Every single human being has unique genetics. Professional bodybuilders that you see in the magazines have extraordinary genetics for building muscle and recovering from workouts, far better than that of the average person.

Combine this ability with intense training, physique altering drugs, caloric manipulation and you get a jaw dropping physique that the average person simply couldn’t obtain.

The advanced training routines that you see in the popular bodybuilding magazines are that of seasoned weight training veterans that got started in bodybuilding just like you.

Do you think that the current Mr. Olympia started his bodybuilding career by training 5 days a week and doing 20 sets per body part and split workout routines in his first year of training?

Bench pressing 400 pounds and eating seven meals a day?

Definitely not!

Muscle Building Myth #5: The Longer You Workout, the More Muscle You will Build.

If this were true, then you could work out in the gym all day long and you’d be massive. But that’s just not the way muscle building works.

Your central nervous system can only take so much “abuse” before you start to feel fatigued, tired and exhausted. Your central nervous system is the control center for each and every muscular movement and contraction during a workout.

This is why it’s extremely important to get plenty of rest and sleep when you’re trying to build muscle. It’s when you sleep that your central nervous system and muscles recover from intense weight training.

If you stress your muscles to the point of tissue breakdown, anything more will be plain overkill and make it harder for you to recover from your workouts and be ready for your next training session.

In case you don’t know already, your muscles do not grow while you’re training in the gym, but rather, while you’re recovering, or more specifically when you are sleeping that the actual growth occurs.

Hard training only breaks down and stimulates muscle tissue.

If you have less than a year of training experience and are currently working out 5 to 6 days per week with a split routine, then I must to tell you to STOP training this way right now.

You will see much better results by following a simple, yet highly effective, lower volume (3 days per week) whole body routine.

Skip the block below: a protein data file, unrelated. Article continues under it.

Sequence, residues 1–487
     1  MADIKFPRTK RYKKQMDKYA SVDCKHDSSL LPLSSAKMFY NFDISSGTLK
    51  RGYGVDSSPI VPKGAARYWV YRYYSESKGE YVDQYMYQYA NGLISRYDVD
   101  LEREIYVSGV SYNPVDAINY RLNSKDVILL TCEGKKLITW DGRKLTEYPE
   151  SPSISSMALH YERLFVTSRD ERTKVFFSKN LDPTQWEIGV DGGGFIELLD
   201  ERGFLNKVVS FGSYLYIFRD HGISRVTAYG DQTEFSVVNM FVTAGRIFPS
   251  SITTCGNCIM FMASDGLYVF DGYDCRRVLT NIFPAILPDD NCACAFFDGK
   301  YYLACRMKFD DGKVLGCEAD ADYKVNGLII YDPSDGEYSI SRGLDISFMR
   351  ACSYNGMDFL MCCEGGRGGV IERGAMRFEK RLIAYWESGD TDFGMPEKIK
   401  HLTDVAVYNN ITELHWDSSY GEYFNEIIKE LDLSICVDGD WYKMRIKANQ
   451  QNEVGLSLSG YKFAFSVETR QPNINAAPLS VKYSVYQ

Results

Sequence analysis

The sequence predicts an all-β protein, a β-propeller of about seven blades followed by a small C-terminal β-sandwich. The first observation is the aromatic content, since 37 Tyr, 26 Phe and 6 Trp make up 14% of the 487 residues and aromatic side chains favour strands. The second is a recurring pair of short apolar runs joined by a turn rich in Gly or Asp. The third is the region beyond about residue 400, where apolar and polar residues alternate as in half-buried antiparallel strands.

Muscle Building Myth #6: The Latest Fancy Looking Machine Will Build The Most Muscle.

Machines are a tool for you to use on your muscle building quest. When it comes down to building maximum muscle size and strength fast, nothing beats good old free weights.

Look at any of the routines performed by the men from the “golden” era of bodybuilding such as Arnold Schwarzenegger, Franco Columbo, Lee Haney, Sergio Oliva, Frank Zane and others.

They had only a few basic machines to use such as the leg press, the smith machine, cables and the leg extension machine.

Despite the lack of shiny and fancy machines that you see in every commercial gym these days, these men built astonishing, jaw-dropping, Olympia-winning physiques with not much more than benches, dumbbells, barbells and Olympic plates.

Muscle Building Myth #7: You Can Tone, Sculpt And Define Your Muscles By Doing Certain Exercises.

This statement couldn’t be more wrong. You see, only 3 things can happen to your muscles:

1. Your muscles can grow bigger (hypertrophy)
2. Your muscles can get smaller (atrophy)
3. Your muscles can stay the same size

The fact of the matter is that the muscle shape you’re born with is something that you can not change no matter which exercise your doing.

Your muscles have an origin and insertion point that’s determined by your genetic makeup.

You can’t “tone” your arms if they’re covered with excessive bodyfat. You either build muscle to make them bigger through weight training, or lose the fat that’s covering them through cardio and an effective cutting diet.